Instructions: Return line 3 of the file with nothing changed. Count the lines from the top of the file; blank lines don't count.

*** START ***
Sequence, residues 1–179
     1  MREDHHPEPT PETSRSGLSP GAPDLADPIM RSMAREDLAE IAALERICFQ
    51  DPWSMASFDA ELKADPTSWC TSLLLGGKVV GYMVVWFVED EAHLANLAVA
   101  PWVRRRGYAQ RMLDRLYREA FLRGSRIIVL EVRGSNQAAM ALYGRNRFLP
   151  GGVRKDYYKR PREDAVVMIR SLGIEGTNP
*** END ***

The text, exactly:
    51  DPWSMASFDA ELKADPTSWC TSLLLGGKVV GYMVVWFVED EAHLANLAVA